Musto Performance Skiff

Advice on most likely mast failure modes and insurance claims

The class association has been working with top UK dinghy insurance company Noble Marine Insurance to produce a guide that will help individuals in the unfortunate situation of having broken their mast.

The majority of insurance companies covering dinghy classes will use a standard response to a broken carbon fibre mast of requesting a quote for a new mast and a repair. This is based on most classes have a one piece mast, which is going to be very expensive to replace. However, one of the original design criteria for our class was that the mast should come apart so it can be transported inside the length of the boat.

The mast is therefore manufactured in three separate sections.

Bottom section from mast foot to immediately above spreader bracket. (Ovington part number 61022, which retails for £878.70 2010 prices)

Mid section from spreader bracket to hounds, This is the point where the wire shrouds and forestay attach to the mast. (Ovington part number TBC)

Top section from hounds to top of mast, which is the tapered part. (Ovington part number TBC)

As a class, we are in an unusual situation where a broken mast often does not need to be completely replaced. It is very important that you make this clear to your insurer, as any work not required will affect the annual policy premiums the class members will pay.

Most sailors know that the mast comes apart just above the spreader bracket by sliding the mid tube off the lower tube (well call this sleeve B).

The mid and top sections are factory joined at the hounds. (Youll see a slightly tapered grey or blue plastic collar that acts as a step down join between the two components.) These two tubes are joined by a sleeve (A) approximately 500mm long equally spaced inside, and bonded together. This is done prior to the plastic luff track being attached to the back face of the mast. It is therefore possible for a professional to take these two tubes apart, and fit a new join sleeve and is well worth mentioning to your insurance company.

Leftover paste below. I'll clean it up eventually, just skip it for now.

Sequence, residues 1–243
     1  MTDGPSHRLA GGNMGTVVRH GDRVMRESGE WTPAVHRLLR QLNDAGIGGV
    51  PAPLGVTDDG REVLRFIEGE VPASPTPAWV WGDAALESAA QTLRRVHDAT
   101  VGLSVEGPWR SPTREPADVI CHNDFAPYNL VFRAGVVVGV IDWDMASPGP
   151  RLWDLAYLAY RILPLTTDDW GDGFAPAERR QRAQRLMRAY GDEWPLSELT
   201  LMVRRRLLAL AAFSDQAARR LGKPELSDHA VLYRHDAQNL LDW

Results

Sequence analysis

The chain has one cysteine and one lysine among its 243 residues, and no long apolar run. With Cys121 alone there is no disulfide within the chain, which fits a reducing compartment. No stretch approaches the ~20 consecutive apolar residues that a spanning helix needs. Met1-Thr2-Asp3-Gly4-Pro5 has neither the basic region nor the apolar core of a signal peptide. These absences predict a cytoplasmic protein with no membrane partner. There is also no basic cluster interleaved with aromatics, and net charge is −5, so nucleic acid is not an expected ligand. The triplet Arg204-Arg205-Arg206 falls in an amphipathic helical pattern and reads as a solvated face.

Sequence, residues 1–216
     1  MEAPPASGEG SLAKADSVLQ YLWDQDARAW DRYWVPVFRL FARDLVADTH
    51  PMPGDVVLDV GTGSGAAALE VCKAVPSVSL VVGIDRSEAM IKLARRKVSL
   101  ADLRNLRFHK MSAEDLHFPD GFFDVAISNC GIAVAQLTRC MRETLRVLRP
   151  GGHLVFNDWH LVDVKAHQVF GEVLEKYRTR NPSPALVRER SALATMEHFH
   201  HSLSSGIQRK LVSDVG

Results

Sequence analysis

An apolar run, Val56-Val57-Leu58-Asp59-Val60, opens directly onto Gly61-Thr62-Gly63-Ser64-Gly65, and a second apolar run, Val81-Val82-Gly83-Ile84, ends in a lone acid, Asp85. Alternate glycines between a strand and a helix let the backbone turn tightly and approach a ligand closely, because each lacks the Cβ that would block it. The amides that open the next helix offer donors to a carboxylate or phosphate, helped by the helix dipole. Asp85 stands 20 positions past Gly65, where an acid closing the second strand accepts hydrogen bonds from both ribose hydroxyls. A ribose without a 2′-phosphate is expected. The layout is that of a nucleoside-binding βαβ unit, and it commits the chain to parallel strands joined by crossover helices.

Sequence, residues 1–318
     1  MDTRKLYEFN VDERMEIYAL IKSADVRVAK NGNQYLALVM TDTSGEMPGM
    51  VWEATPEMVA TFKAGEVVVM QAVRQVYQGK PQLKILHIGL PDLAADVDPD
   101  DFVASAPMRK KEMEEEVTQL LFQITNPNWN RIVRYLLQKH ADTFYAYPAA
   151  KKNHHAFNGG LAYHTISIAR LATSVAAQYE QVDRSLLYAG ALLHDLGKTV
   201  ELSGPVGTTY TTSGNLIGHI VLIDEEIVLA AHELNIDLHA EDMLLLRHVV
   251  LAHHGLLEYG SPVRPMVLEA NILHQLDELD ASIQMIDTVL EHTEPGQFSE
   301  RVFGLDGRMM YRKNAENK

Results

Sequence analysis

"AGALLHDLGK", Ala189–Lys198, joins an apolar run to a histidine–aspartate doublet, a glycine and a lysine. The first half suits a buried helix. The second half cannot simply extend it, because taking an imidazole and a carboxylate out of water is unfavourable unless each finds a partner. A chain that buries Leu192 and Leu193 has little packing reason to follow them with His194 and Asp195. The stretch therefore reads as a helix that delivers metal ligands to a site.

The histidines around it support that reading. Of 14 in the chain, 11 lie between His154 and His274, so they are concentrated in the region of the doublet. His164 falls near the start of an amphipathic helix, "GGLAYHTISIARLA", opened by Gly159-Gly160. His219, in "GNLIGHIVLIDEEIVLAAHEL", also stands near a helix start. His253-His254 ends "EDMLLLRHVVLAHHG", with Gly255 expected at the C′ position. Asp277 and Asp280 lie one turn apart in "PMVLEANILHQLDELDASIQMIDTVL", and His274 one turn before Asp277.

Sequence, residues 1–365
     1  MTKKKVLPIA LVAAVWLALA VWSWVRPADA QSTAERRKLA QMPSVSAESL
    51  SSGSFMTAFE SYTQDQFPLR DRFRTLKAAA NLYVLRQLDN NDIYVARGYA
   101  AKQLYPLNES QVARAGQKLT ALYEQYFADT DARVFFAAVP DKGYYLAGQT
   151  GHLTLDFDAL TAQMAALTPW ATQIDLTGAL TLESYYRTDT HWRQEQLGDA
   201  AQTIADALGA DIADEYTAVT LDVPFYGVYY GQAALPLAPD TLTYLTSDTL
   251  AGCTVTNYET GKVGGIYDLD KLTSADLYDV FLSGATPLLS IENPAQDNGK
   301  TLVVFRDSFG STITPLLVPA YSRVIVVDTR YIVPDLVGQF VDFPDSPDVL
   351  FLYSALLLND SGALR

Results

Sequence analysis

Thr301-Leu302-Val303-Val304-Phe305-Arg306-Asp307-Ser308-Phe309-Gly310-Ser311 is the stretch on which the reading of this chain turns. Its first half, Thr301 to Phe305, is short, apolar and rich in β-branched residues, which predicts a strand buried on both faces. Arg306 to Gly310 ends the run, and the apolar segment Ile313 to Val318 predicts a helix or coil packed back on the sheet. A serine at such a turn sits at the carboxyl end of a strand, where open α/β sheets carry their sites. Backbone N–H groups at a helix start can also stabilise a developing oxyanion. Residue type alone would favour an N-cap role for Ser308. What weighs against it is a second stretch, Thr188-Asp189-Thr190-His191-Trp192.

Known modes of failure (in order of most common, as I see it):

1. Early masts join sleeve A failed prematurely due to being slightly too weak and this was strengthened. I do not think there are any masts sailing now with this weaker A sleeve. It has always been the intention that join sleeves A and B fail first, as these are relatively easy and cost effective to replace.

2. Current boats most common failure mode is still sleeve A. The mast can then be cut through at the step down collar, and the old sleeve removed (which is bonded in) a new sleeve is then inserted, and the mast is re-assembled. It is common that the step down collar requires replacing. It is also obviously necessary to carefully cut through the luff track. Repaired masts then only ever show a saw line adjacent to the step down sleeve, and this is perfectly acceptable to all.

3. In something like 30% of cases the top mast snaps off usually around 500mm down from the top. In which case, the top section can be cut away from sleeve A, and a new top section fitted. It is most likely that the luff track will need replacing on both the top and mid sections, as its quite difficult to re-align.

4. In a very small number of cases the lower mast section fails. This is very rare (probably only one every couple of years) its only really ever caused by the lower shroud snapping when sailing. The sudden unloading then causing the carbon tube to fail due to catastrophic loss of local rig support. In cases such as this, it would be necessary for a new section to be supplied. A repair here would likely stiffen the tube in this area, giving sailors a possible performance advantage.

As a rule of thumb, almost all examples 2 and 3 occur when the mast hits the bottom in strong tidal conditions (especially when in wind against tide wave action)

For your reference,

Ovington part number 61105 upper carbon join sleeve £152.90 retail inc. vat
Ovington part number 61108 carbon top taper tube £372.65 retail inc. vat
Ovington part number 61121 mast sail track per metres £14.50 inc. vat
Ovington part number 61110 middle carbon join sleeve £135.57 inc. vat

There is obviously labour to be added to these,

if you broke the upper join sleeve (most common failure) youd be looking at £152.90 + (£14.50 x around 4 metres)

Or,

If you broke the top taper tube (second most common failure) youd be looking at £372.65 + (£14.50 x around 4 metres)

FYI, a complete top section is part number 61025 which retails for £816.35 inc. vat.

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